Keith A. Crist, Ph.D.
University of Toledo College of Medicine
Health Sciences Campus
Health Education, Rm. 205A
3055 Arlington Ave.
Toledo, Oh 43614-5806
Department of Food Science and Human Nutrition
Michigan State University
Research - Molecular Carcinogenesis.
Alterations in gene expression related to tumorigenesis and response to chemotherapy.
Research/Scholarly Activities Chemoprevention: Chemotherapy; DNA library screening, alterations in gene expression, apoptosis.
Dr. Crist's laboratory is pursuing two major interests:1) identifying early alterations of gene expression related to breast cancer development; and 2) improving the effectiveness of TNF-a mediated induction of programmed cell death in chemotherapeutic treatment of pancreatic cancer.
Several methodologies have recently been developed which allow demonstration of expression differences between tumor and normal tissue without prior understanding of what those differences might be. This allows identification of previously unknown genes or unknown functions of known genes related to carcinogenesis. In general these methods are preferentially suited to identification of suppressor genes, whose growth regulatory function is lost from the tumor. We are using cDNA library screening, which allows identification of both increases in gene expression as well as loss, in the rat mammary gland as a model system. Alterations identified at the adenocarcinoma stage can be used to screen earlier stages of neoplasia, as well as tumors of different tissue types to identify common changes.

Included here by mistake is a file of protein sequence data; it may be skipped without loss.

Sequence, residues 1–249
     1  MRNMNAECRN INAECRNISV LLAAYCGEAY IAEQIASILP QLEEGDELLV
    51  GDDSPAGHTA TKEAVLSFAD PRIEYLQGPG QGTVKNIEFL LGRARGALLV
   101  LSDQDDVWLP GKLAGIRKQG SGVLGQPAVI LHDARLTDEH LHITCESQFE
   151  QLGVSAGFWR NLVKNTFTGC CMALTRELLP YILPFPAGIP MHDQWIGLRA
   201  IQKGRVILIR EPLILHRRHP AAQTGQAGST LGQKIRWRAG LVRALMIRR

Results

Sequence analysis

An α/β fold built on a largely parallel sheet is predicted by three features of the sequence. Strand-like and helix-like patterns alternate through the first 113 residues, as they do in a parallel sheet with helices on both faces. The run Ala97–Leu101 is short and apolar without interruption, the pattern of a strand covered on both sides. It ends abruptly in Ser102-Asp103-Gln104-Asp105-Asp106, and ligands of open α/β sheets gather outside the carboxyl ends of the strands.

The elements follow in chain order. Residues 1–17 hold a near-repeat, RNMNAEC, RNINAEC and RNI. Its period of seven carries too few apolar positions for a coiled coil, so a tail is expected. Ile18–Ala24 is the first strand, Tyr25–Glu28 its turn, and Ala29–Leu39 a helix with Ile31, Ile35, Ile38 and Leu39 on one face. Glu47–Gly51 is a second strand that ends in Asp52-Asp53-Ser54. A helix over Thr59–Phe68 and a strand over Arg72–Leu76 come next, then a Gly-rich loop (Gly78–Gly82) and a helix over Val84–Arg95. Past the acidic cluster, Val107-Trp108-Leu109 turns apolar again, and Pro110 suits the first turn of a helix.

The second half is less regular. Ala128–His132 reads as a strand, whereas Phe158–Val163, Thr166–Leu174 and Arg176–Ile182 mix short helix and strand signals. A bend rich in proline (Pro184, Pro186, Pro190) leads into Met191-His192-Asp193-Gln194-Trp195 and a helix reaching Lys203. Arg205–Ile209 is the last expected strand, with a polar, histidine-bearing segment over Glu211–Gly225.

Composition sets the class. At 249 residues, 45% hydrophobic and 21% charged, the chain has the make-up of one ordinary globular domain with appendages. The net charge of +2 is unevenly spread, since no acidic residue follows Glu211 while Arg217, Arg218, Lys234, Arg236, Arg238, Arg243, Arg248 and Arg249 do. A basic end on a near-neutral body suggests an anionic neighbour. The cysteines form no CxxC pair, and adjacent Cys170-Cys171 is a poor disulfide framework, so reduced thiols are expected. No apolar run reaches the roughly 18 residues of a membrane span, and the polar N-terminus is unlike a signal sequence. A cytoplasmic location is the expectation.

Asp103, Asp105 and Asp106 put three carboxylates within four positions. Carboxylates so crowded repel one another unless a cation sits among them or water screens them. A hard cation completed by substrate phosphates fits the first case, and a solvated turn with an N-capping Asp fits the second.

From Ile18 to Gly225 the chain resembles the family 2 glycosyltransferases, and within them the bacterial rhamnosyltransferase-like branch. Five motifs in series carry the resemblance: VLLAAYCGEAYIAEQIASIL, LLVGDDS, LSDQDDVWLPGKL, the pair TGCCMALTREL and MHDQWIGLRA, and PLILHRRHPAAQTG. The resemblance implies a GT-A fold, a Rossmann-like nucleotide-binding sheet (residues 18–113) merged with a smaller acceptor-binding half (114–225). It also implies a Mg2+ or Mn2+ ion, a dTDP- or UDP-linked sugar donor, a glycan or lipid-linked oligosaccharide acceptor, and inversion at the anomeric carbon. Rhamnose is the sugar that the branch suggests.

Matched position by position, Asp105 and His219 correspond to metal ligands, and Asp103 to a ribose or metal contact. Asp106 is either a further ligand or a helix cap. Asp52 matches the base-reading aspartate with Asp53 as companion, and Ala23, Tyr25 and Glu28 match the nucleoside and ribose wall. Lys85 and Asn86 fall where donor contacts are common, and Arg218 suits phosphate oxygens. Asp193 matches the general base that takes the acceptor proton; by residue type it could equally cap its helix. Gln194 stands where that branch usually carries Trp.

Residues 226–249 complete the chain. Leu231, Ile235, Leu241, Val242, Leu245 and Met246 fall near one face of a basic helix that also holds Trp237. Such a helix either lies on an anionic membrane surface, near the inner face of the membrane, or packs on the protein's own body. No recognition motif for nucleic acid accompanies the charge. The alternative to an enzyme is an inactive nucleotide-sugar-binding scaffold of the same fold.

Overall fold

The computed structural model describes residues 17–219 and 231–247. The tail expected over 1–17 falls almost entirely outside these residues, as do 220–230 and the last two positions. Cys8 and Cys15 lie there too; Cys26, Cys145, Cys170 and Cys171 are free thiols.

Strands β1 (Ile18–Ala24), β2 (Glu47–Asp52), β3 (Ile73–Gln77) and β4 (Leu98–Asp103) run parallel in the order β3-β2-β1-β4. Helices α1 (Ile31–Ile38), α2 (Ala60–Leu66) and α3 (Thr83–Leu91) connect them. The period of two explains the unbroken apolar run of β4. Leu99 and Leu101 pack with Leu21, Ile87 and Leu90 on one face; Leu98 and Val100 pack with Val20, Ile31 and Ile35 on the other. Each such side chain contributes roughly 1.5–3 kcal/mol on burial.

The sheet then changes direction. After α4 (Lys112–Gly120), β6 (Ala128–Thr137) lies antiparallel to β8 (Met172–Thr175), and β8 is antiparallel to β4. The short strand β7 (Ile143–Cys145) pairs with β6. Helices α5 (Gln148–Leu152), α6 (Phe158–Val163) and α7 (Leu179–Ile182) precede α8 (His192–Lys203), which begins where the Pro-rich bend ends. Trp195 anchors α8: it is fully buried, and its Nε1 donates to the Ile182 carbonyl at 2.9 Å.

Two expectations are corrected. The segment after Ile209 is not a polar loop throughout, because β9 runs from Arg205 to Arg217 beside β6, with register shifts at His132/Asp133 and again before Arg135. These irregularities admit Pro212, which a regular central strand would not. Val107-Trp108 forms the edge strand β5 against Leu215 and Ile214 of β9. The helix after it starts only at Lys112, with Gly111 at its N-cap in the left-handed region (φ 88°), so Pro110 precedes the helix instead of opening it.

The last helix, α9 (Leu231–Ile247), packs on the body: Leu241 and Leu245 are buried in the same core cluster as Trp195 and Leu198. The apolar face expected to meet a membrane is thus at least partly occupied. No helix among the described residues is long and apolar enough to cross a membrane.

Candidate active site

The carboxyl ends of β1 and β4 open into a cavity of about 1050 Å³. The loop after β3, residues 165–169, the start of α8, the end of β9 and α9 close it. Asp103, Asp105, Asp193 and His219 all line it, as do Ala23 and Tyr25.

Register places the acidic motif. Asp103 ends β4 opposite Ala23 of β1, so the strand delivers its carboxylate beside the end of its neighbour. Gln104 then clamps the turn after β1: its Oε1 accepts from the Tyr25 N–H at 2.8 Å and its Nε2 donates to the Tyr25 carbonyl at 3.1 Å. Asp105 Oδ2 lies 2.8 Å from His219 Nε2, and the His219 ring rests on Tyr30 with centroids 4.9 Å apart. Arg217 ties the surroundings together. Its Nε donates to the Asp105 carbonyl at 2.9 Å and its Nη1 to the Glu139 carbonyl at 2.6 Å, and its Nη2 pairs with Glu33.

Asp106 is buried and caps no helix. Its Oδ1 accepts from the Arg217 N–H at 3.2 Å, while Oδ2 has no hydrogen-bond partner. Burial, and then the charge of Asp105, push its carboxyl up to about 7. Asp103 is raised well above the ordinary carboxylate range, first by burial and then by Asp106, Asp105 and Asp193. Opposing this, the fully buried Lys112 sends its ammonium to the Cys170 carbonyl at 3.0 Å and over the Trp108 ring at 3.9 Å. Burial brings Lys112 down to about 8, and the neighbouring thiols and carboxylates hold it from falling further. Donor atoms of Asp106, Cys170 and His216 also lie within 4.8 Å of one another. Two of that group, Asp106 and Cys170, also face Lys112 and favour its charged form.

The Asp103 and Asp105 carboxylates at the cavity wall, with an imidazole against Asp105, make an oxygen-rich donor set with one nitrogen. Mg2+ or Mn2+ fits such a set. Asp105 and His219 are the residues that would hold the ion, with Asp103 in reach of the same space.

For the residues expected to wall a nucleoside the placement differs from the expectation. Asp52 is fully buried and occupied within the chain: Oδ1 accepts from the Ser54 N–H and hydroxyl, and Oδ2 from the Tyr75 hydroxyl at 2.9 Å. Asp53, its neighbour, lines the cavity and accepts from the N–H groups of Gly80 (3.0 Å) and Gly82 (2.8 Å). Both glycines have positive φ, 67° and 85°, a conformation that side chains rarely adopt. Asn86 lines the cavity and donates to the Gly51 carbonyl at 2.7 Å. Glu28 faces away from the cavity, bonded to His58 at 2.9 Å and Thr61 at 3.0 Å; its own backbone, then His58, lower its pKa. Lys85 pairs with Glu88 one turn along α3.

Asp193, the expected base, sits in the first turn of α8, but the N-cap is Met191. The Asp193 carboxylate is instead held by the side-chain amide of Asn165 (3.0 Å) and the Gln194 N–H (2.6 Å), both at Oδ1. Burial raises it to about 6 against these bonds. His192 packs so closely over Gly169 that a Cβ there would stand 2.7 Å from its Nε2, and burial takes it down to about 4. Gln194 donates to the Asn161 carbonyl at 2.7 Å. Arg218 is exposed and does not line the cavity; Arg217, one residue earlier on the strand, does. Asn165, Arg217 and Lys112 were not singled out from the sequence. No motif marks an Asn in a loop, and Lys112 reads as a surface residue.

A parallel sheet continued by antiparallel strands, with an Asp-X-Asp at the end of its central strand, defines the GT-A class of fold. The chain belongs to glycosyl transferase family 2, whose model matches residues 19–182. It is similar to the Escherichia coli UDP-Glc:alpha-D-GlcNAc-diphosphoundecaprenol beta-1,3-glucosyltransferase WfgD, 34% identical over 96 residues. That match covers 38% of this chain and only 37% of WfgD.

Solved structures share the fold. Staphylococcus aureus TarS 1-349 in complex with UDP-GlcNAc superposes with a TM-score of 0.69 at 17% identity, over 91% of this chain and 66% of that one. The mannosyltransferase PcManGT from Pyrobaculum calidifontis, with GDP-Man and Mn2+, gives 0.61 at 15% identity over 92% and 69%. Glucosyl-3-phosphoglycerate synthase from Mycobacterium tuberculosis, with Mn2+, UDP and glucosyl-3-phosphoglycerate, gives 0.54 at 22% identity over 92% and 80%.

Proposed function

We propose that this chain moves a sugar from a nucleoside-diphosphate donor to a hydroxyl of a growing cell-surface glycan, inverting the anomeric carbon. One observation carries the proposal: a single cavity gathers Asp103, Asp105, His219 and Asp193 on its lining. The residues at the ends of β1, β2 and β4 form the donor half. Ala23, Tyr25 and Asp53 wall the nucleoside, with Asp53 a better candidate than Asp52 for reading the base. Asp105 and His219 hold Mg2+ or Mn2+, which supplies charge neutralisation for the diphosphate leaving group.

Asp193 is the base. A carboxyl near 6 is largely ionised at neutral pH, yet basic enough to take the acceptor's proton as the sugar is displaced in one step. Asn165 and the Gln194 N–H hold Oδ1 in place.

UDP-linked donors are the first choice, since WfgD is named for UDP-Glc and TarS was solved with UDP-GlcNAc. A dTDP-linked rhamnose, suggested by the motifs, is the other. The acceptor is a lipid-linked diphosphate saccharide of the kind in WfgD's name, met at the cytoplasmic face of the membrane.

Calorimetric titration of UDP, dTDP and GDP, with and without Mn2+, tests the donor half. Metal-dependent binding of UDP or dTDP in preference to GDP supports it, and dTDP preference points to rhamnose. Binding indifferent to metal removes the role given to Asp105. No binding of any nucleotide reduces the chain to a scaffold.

Programmed cell death, or apoptosis, is a normal response to a variety of conditions including DNA damage. Neoplastic cells, which increase in the extent of their genetic abnormality, must inactivate this pathway to accomplish unrestrained tumor growth. TNF-a activates a cell surface receptor that recruits the cooperative binding of several intracellular proteins including those directing activation of apoptosis. Therapeutic levels of TNF-a administered systemically are associated with significant toxicity. Dr. Crist's laboratory is studying effectors of these signaling pathways that promote induction of apoptosis, increasing TNF-a therapeutic effectiveness.
Braun DP,.Crist KA, Shaheen F, Staren ED, Andrews S, Parker J. (2005) Aromatase inhibitors increase the sensitivity of human tumor cells to monocyte-mediated, antibody-dependent cellular cytotoxicity. Amer J Surg 190:570-1
Crist KA, Zhang Z, You M, Gunning WT, Conran PB, Steele VE, Lubet RA. (2005) Characterization of rat ovarian adenocarcinomas developed in response to direct instillation of 7,12-dimethylbenz[a]anthracene (DMBA) coated suture. Carcinogenesis. 26:951-7